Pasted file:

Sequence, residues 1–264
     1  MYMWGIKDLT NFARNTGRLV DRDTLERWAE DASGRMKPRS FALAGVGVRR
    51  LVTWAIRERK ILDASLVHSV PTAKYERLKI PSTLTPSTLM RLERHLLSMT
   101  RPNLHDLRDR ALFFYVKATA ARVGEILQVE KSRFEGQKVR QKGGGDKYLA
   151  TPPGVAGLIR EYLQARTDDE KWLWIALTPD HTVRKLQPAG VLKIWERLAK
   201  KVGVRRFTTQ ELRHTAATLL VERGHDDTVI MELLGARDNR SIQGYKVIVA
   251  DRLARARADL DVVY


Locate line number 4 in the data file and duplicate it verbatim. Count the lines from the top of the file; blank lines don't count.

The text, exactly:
   101  RPNLHDLRDR ALFFYVKATA ARVGEILQVE KSRFEGQKVR QKGGGDKYLA